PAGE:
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Lory D. Rosenberg on Appeal Matters

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  1. Moncrieffe v. Holder: It Is (or Must Be) Necessarily So

    The Supreme Court held 7-2 in Moncrieffe
    v. Holder,
    No.
    11-702 (April 23, 2013)
    that, "If a noncitizen's conviction for a mari*juana
    distribution offense fails  to establish
    that the of*fense involved either remuneration or
    more than a small amount of marijuana, the conviction
    is not for an aggra*vated felony under the INA."
    -------------------------------------------------------------------------------------------
     
    The
    Moncrieffe case involves the
    aggravated felony definition of a conviction involving "illicit
    trafficking in a controlled substance," which "includ[es] a drug trafficking
    crime (as defined in section 924(c) of title 18)."  INA § 101(a)(43)(B).
    In turn, 18 U. S.
    C. §924(c)(2) defines "drug trafficking crime" to mean "any felony punishable
    under the Controlled Substances Act [(CSA)]. . . ".  
    The
    issue before the Court in Moncrieffe  v.
    Holder was whether the statutory provisions in the INA requiring removal
    and precluding the Attorney General from granting discretionary relief from
    removal to an aggravated felon, apply to an individual convicted under a state
    statute that prohibits "the social sharing of a small amount of marijuana?"[1] Moncrieffe v. Holder at 1.  Put another way, does INA § 101(a)(43)(B), the
    aggravated felony category for illicit trafficking in a controlled substance,
    necessarily encompass every conviction of
    possession of marijuana with intent to distribute without regard to the amount
    and whether remuneration was involved, and does such a conviction "nec*essarily"
    involve conduct punishable as a felony under the CSA? Moncrieffe at 7.
    The Court held that
    conviction of possession of marijuana with intent to distribute under a state
    statute encompassing conduct that is treated as a federal misdemeanor pursuant to
    an exception under the sentencing section of the Controlled Substance Act,
    cannot be an aggravated felony.  Unequivocally
    endorsing the categorical approach and reaffirming the limited nature of the
    few exceptions articulated in earlier opinions, the Court addresses the
    Government's objections and proposals, dismissing them as exaggerated and
    unfounded.  The Court's opinion strongly
    discourages "mini trials" and other deviations from the categorical
    approach.  Moreover, the Court  appears to adopt a single categorical
    determination  that a conviction is not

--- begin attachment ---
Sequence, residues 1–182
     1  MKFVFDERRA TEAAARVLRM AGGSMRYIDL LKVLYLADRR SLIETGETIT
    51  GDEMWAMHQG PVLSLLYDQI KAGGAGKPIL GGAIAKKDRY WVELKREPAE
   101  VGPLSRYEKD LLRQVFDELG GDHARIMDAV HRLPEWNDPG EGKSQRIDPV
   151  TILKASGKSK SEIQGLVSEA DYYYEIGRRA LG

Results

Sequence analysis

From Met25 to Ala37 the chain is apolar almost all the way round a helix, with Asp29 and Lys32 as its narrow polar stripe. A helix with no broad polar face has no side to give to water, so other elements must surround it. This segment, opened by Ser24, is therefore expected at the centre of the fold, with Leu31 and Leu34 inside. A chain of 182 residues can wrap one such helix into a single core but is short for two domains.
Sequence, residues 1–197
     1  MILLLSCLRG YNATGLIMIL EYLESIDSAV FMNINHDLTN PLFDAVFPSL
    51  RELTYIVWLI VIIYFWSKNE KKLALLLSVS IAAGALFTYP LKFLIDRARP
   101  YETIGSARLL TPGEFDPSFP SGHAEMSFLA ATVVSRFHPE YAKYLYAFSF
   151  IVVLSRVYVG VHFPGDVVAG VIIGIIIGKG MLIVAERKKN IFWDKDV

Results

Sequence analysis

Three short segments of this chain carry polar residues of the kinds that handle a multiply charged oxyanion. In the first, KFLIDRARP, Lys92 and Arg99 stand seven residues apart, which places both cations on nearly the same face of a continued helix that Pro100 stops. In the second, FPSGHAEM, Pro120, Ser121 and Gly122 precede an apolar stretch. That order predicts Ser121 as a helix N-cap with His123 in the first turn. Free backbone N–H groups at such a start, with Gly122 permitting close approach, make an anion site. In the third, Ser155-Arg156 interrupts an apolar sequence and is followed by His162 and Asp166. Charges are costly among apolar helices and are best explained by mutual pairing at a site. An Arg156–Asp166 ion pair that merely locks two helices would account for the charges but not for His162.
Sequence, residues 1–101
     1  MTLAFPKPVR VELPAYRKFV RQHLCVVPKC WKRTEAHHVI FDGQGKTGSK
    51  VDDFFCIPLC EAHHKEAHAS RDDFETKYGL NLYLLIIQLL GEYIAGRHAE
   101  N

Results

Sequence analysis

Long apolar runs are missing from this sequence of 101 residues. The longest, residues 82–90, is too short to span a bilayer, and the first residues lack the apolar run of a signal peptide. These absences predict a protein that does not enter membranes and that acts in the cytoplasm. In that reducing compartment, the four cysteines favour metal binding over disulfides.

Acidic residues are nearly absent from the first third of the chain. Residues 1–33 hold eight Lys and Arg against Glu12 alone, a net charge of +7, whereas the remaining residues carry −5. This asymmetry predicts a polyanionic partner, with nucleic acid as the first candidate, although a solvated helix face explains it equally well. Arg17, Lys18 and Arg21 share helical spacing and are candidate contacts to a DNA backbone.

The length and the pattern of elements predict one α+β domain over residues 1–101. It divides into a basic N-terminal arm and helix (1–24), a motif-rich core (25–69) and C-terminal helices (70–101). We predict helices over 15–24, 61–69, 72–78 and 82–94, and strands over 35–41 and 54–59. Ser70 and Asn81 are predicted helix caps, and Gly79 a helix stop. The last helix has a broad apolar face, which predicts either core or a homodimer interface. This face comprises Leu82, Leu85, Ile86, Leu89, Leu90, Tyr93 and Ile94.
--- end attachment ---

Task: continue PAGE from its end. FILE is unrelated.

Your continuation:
an aggravated felony as dispositive for all purposes in a removal proceeding.
    This blog, containing some
    of the highlights of the Court's opinion, does not purport to offer an
    exhaustive analysis of the subject matter,  nor to constitute a comprehensive practice
    advisory.  Please read the Court's
    opinion in its entirety. 
    The Court's opinion in Moncrieffe v. Holder establishes that to
    constitute an aggravated felony under INA
    § 101(a)(43)(B),  a  state drug conviction must "necessarily" proscribe conduct that is an
    offense under the CSA, and the CSA must "necessarily" prescribe felony
    punishment for that conduct. Moncrieffe
    v. Holder at 6.  Under the
    categorical approach,  the elements in
    the state statute of conviction  must
    correspond point by point to a generic federal defini*tion of a corresponding
    aggravated felony.  The mere fact of a
    conviction for possession with intent to distribute marijuana, standing alone,
    does not reveal whether either remuneration or more than a small amount of
    marijuana was involved. Consequently, without more, one cannot determine
    whether the conviction amounts to an offense that is comparable to a federal
    felony and punishable under the CSA. 
    The
    Supreme Court ruled that rather than assume that any conviction of  marijuana distribution must be a felony
    involving illicit trafficking in  a
    controlled substance,  in which case the
    offender may attempt to demonstrate that the conviction was for a lesser
    offense and not an aggravated felony, the presumption is more properly
    reversed.  Cf. Matter of Castro-Rodriguez, 25 I&N Dec. 698   (BIA 2012),   Moncrieffe
    at 15.  Accordingly, "[i]f a  noncitizen's conviction for a marijuana distribution offense fails to establish  that the offense involved either remuneration
    or more than a small amount of marijuana, it is not an aggravated felony under
    the INA." Moncrieffe, supra. at (emphasis added).
    The
    key phrase in this holding is "non-citizen's conviction . . . fails to
    establish. . ." (emphasis added).